On Our Watch


On Our Watch

Neil Docherty


ERIC REEVES, Darfur Activist: The Janjaweed will sweep in, killing all the men, raping women.

ANNOUNCER: -the tragedy in Darfur.

ERIC REEVES: We have many reports of babies being killed. The brutal barbarism is almost beyond description.

ANNOUNCER: For years, despite old declarations-

COLIN POWELL, Secretary of State: Genocide has been committed in Darfur.

ANNOUNCER: -the world's great powers failed to stop the killing.

ERIC REEVES: The U.N. as a means of preventing genocide cannot do the job.

JAMES TRAUB, The New York Times Magazine: Darfur just isn't important enough to anybody.

ANNOUNCER: But some said "Never again."

SAMANTHA POWER, Author, A Problem From Hell: There is a movement in the United States now that is unprecedented historically.

MIA FARROW, Actress/Activist: THere are things we all can and must do to stop it. "Never again" we once promised, yet it is happening again as the world stands by.

ANNOUNCER: Tonight, what happened to Darfur On Our Watch?

NARRATOR: It is an unforgiving landscape now pockmarked with refugee camps. And still they come, victims of what has been called the first genocide of the 21st century. They wait under a straw shelter or a sparse tree to see if there's room at the camp. The wait can be three weeks.

This woman is from the Darfur region of Sudan. She has crossed into neighboring Chad in search of safety.

WOMAN: [through interpreter] Twenty men on horses. They come with their guns and they attack the village and they start killing people randomly. And they took all the cows, the sheep and the goats, and they killed many people.


INTERPRETER: Ten people died, including her husband.

NARRATOR: The world has been hearing her story for fours years now, and hearing the devastating numbers. The most conservative estimate reads 200,000 dead, 2.5 million forced from their homes, too many rapes to be counted. And the world's response? One writer has said, "If the United Nations could die of shame, it would have been dead years ago."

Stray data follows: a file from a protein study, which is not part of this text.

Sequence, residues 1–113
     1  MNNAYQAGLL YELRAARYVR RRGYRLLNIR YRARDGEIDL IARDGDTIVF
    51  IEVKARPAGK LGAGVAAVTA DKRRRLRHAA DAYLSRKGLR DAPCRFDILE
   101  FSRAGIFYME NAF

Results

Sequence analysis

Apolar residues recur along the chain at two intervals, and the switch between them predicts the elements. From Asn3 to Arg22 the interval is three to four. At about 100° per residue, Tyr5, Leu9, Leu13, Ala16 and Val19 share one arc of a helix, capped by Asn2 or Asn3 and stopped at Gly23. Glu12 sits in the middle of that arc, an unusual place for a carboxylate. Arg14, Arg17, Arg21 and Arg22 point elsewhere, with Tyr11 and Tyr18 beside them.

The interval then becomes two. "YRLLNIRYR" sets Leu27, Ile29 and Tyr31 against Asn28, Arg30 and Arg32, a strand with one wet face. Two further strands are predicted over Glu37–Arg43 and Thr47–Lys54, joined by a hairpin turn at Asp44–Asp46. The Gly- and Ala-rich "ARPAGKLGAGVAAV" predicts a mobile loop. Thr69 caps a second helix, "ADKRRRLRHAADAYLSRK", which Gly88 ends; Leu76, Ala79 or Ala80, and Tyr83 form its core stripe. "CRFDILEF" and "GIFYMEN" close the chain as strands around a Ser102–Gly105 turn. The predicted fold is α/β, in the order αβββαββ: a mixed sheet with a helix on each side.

PRESIDING OFFICER, U.N. SECURITY COUNCIL: The 4,988th meeting of the Security Council is called to order.

NARRATOR: This is the paper trail of the world's failure- hundreds of memos, investigations and reports, 21 Security Council resolutions calling for action.

JAN PRONK, U.N. Special Envoy to Sudan: The international community said that it should happen never again.

NARRATOR: The world had promised over and over "Never again," but when Darfur came, those promises proved empty.

PRESIDING OFFICER, UNSC: The result of the voting is as follows. The draft resolution received 15 votes-

ERIC REEVES, Darfur Activist: The people of Darfur feel that they've been abandoned. Where is the international community? Can it be that they don't know? And if they do know, why aren't they here? Why aren't we being protected?

NARRATOR: If anyone has turned the promise of "Never again" into a relentless tapping at the world's conscience, it is Eric Reeves, an English professor at Smith College in Massachusetts.

ERIC REEVES: It's almost impossible for me to describe the scale of the international failure and how dismaying it is, and how obvious it is we've learned nothing.

NARRATOR: For nearly a decade, Reeves has obsessively tracked atrocities in Sudan, publishing his detailed analysis of the growing tragedy on his Web site, Sudanreeves.org. He has used that knowledge to pressure governments and the international community to act.

ERIC REEVES: Never thought I'd have this much influence. And it feels like a real burden. I've looked out my office window at times, and a beautiful day, I know I'm going to be there for another 10 hours. There are only so many beautiful sunny days you get in your life.

NARRATOR: Eric Reeves has leukemia. He has gone part-time with his teaching and re-mortgaged his home to pursue his cause. And he has been one of the most influential voices in a growing private army of Darfur activists sounding the alarm about unspeakable assaults on a far-off continent.